Norwich is the only English city to have been excommunicated by the pope. The Ethelbert Gate, an embellished stone archway between the cathedral and the old market place, made sure the people of Norwich would never forget it.
The gate is beautiful. Two storied, with a small chapel built over the vaulted arch underneath. But there is a sinister edge to it too – as though the church was narrowing its eyes at the city. The thin windows remind of arrow slits, above them are tall and sharp stone gables that resemble palisades. On the arch itself, a carved figure points a sword at a serpent, but since Saint Ethelbert is not associated with dragon slaying, some historians speculate the scene was supposed to be a warning from the church. The gate hints at the rift between the people of Norwich and the church, as well as the power held by the latter during medieval times.
The city’s people had been at odds with the cathedral monks over many years for many reasons, though mostly about rights and boundaries. Then, during a summer fair in 1272, three things happened very quickly. There was a confrontation, one church servant shot a man with a crossbow and the city authorities had two others arrested. In the weeks afterwards, the pope delivered his excommunication and further church violence riled the people into riots. When the king arrived to settle the conflict, he forced the city to pay the church £2,000 and for citizens to build the Ethelbert Gate.
The region has a reputation for rebellion. East Anglia was once the home of the marsh-dwelling Iceni tribe whose queen, Boudica, led the infamous revolt against encroaching Romans. In 60AD she razed their settlements at Colchester, St Albans and London and became a serious threat to the Roman regime before dying of illness or poison.
Shortly after, the Romans built Venta Icenorum, ‘central place of the Iceni’ just three miles south in Caistor St Edmund. Its ruins are considered the ancestor of modern Norwich, which was settled in its current spot by Anglo-Saxons in the fifth century. A local adage goes ‘Caistor was a city when Norwich was none, Norwich was built of Caistor stone.’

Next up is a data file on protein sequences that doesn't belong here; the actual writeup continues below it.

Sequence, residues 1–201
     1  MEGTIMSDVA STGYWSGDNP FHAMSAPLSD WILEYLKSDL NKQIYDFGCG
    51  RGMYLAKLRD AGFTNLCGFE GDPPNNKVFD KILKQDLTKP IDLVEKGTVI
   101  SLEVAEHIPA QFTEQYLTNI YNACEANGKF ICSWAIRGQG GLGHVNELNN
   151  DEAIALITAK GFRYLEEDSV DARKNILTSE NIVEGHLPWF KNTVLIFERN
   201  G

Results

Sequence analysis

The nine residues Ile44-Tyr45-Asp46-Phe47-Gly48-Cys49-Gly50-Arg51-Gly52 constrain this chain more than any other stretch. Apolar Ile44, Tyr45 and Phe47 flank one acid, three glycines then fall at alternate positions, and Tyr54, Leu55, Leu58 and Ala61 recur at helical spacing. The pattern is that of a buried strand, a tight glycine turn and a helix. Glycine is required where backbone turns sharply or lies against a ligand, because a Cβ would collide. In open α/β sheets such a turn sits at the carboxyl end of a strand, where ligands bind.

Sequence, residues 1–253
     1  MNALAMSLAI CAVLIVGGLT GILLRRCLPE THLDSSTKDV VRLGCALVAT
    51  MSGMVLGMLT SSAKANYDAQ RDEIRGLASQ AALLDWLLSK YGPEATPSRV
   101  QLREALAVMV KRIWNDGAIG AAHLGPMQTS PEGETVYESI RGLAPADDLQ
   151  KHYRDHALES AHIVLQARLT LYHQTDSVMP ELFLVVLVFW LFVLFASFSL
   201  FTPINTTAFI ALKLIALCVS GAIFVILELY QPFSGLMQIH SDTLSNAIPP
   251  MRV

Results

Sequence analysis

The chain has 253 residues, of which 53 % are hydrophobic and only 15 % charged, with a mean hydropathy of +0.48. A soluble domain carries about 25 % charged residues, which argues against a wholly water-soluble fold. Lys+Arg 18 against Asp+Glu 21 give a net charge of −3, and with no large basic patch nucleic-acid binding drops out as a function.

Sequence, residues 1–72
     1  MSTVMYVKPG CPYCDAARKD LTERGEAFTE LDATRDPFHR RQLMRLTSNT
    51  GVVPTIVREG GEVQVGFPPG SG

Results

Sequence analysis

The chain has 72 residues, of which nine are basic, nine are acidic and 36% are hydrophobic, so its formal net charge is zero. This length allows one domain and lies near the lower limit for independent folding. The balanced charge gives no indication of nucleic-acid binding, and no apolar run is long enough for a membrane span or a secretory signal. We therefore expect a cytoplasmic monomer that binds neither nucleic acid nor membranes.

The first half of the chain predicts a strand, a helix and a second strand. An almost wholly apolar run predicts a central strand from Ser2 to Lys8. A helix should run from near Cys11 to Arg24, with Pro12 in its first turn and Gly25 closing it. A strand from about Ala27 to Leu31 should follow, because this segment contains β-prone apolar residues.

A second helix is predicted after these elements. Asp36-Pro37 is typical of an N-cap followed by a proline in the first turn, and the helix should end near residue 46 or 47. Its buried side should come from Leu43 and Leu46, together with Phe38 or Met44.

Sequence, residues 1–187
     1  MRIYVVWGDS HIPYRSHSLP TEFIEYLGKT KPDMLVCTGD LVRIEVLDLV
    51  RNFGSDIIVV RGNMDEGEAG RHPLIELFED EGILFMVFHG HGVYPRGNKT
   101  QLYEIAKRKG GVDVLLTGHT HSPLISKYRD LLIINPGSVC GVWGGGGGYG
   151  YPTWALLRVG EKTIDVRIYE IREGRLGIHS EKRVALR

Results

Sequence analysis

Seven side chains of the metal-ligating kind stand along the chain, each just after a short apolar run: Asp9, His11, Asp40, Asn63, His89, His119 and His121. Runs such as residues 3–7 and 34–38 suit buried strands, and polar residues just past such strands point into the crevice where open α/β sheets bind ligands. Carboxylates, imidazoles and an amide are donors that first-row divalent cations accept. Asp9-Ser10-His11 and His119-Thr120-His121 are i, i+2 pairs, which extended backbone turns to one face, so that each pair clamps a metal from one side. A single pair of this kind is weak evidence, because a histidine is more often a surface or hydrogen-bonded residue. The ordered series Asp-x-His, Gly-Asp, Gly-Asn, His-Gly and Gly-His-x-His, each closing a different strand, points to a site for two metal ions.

Nonetheless, the stone of many of Norwich’s most prominent buildings is from somewhere else – France. Walking under arches and into the cathedral yard, eyes are drawn first to the enormous cathedral spire, 96 metres in the air. ‘Only Salisbury Cathedral is taller,’ explains Rory Walsh, writer of this Discovering Britain trail.
The grandeur was intentional. When William the Conqueror invaded England and took the throne in 1066, Norman forces set about building castles and cathedrals across the country. They were signs of force and the transfer of power. Norwich – then the largest city after London and York – would have been high on his list. ‘It was the Normans who built the cathedral and the nearby castle,’ says Walsh. ‘Made in specially-imported pale French limestone, both buildings were imposing symbols of Norman supremacy.’ The cathedral remains the tallest building in the city.
A long and narrow path leads east from the cathedral towards the River Wensum. The footpath lies on the route of an old canal that was built specially to be the final leg of the limestone’s journey from Caen, France. Today, the canal is filled in and the river is quiet. It gently sips up stray willow leaves as it meanders along three sides of a square around the cathedral grounds.